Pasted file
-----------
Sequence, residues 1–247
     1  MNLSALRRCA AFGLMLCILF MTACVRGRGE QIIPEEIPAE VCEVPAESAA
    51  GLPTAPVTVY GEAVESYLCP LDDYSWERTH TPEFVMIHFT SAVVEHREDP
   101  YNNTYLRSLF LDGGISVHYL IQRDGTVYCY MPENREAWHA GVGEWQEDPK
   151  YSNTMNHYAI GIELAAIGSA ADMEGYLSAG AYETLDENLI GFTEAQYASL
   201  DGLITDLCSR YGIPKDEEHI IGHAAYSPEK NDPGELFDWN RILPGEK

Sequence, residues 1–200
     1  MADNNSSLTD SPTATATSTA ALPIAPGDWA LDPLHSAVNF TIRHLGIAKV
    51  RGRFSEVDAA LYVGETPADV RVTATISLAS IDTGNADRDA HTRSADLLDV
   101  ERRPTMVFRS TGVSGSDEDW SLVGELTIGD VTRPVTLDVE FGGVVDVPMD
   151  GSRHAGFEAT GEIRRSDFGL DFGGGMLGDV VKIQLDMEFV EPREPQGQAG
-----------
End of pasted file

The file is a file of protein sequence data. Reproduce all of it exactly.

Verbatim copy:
Sequence, residues 1–247
     1  MNLSALRRCA AFGLMLCILF MTACVRGRGE QIIPEEIPAE VCEVPAESAA
    51  GLPTAPVTVY GEAVESYLCP LDDYSWERTH TPEFVMIHFT SAVVEHREDP
   101  YNNTYLRSLF LDGGISVHYL IQRDGTVYCY MPENREAWHA GVGEWQEDPK
   151  YSNTMNHYAI GIELAAIGSA ADMEGYLSAG AYETLDENLI GFTEAQYASL
   201  DGLITDLCSR YGIPKDEEHI IGHAAYSPEK NDPGELFDWN RILPGEK

Sequence, residues 1–200
     1  MADNNSSLTD SPTATATSTA ALPIAPGDWA LDPLHSAVNF TIRHLGIAKV
    51  RGRFSEVDAA LYVGETPADV RVTATISLAS IDTGNADRDA HTRSADLLDV
   101  ERRPTMVFRS TGVSGSDEDW SLVGELTIGD VTRPVTLDVE FGGVVDVPMD
   151  GSRHAGFEAT GEIRRSDFGL DFGGGMLGDV VKIQLDMEFV EPREPQGQAG